Divergence across mitochondrial genomes of sympatric members of the Schistosoma indicum group and clues into the evolution of Schistosoma spindale

Jones, B P and Norman, B F and Borrett, H E and Attwood, S W and Mondal, M M H and Walker, A J and Webster, J P and Jayanthe Rajapakse, P R V and Lawton, S P (2020) Divergence across mitochondrial genomes of sympatric members of the Schistosoma indicum group and clues into the evolution of Schistosoma spindale. Scientific Reports (Nature), 10. p. 2480.

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Abstract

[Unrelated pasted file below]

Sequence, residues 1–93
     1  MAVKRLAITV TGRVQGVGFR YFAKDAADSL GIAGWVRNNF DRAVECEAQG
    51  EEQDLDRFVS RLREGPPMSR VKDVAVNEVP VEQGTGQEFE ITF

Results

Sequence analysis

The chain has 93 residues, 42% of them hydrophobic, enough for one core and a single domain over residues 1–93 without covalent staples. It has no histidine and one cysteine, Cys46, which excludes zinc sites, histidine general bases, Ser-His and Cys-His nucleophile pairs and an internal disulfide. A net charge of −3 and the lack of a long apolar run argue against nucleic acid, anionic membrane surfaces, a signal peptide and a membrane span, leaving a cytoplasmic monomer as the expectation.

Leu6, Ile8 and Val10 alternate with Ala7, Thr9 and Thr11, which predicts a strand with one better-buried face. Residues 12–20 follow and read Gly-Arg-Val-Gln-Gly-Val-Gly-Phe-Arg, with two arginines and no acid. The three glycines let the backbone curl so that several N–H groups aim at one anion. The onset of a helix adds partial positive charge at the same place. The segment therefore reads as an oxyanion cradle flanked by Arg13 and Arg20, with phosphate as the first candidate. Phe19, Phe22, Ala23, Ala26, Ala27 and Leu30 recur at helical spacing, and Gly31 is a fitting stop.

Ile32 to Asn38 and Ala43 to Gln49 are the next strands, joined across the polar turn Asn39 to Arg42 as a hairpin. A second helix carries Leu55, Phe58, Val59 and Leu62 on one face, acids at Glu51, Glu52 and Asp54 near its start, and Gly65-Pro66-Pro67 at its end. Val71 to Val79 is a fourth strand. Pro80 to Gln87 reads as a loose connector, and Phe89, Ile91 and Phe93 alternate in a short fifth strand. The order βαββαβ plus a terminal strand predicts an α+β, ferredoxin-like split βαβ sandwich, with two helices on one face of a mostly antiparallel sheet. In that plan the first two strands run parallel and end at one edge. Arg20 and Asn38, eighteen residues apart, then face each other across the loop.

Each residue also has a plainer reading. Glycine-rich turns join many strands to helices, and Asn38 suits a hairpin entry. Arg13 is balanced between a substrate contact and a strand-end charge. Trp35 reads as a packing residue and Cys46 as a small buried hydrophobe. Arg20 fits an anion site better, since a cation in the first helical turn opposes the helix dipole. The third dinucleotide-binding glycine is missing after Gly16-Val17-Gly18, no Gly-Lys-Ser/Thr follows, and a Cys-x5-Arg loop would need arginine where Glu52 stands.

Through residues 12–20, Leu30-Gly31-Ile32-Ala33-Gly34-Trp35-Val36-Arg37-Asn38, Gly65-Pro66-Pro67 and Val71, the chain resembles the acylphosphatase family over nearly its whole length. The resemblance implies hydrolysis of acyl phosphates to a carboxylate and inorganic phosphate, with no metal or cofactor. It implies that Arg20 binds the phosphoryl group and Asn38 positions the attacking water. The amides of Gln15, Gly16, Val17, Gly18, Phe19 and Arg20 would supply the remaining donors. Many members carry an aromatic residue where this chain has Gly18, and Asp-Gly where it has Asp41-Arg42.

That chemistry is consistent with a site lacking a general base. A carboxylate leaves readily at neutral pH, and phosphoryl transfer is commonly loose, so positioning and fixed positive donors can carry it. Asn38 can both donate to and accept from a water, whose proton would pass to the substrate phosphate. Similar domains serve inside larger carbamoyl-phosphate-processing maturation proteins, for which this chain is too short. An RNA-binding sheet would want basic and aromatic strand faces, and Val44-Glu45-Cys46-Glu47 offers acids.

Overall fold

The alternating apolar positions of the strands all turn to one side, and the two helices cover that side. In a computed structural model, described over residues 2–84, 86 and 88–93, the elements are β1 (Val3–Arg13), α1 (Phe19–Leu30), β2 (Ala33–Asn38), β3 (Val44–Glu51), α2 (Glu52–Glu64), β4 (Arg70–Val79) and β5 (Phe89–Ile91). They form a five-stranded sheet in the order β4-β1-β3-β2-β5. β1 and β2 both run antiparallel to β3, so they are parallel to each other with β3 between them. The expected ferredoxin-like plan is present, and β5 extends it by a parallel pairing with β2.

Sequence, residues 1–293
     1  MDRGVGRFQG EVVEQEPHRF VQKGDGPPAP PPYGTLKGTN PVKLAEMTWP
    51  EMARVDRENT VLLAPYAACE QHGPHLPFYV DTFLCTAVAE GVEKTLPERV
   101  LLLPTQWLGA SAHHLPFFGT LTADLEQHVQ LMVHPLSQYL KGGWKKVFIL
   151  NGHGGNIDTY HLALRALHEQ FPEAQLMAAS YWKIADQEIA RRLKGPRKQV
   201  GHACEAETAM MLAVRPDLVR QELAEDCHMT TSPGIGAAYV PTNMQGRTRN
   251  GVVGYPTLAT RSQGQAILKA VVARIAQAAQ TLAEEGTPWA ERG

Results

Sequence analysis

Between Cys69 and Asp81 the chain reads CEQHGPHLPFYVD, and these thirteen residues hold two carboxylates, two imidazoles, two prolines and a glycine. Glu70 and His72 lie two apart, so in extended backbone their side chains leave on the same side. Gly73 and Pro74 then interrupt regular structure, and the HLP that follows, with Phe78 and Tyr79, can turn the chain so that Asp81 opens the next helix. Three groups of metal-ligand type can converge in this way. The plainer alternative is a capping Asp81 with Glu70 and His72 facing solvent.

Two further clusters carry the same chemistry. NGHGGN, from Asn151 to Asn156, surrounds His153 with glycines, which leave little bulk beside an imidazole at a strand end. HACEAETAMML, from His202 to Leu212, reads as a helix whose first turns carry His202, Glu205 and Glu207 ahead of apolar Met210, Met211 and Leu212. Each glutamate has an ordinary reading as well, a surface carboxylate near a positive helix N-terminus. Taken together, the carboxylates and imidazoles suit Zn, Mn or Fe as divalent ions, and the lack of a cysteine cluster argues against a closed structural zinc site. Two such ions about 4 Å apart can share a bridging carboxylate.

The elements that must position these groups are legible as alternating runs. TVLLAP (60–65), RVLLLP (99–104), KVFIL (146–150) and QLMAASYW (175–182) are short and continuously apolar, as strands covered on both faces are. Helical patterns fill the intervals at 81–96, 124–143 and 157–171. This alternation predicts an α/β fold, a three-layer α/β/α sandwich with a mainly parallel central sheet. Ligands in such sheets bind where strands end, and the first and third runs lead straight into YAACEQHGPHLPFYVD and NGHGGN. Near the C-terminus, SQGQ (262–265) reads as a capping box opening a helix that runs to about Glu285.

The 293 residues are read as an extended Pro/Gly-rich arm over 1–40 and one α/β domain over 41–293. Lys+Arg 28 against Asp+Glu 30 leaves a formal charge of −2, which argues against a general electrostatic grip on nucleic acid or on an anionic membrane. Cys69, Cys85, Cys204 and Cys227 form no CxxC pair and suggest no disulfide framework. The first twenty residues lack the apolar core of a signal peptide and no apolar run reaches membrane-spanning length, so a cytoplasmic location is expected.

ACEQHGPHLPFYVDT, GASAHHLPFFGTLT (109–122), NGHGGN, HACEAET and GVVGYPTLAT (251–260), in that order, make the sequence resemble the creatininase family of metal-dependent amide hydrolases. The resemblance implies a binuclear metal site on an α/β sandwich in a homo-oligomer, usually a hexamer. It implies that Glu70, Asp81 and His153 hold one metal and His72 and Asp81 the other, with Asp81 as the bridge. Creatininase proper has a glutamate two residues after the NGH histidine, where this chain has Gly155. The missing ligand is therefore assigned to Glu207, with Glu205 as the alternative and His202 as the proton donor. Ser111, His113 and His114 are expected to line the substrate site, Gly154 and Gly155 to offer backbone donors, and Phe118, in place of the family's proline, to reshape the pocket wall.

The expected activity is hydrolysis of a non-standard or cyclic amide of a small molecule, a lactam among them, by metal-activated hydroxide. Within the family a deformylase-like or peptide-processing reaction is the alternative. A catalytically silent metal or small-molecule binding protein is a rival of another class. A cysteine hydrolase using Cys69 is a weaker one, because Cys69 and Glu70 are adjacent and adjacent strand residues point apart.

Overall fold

Schistosoma spindale and Schistosoma indicum are ruminant-infecting trematodes of the Schistosoma indicum group that are widespread across Southeast Asia. Though neglected, these parasites can cause major pathology and mortality to livestock leading to significant welfare and socio-economic issues, predominantly amongst poor subsistence farmers and their families. Here we used mitogenomic analysis to determine the relationships between these two sympatric species of schistosome and to characterise S. spindale diversity in order to identify possible cryptic speciation. The mitochondrial genomes of S. spindale and S. indicum were assembled and genetic analyses revealed high levels of diversity within the S. indicum group. Evidence of functional changes in mitochondrial genes indicated adaptation to environmental change associated with speciation events in S. spindale around 2.5 million years ago. We discuss our results in terms of their theoretical and applied implications.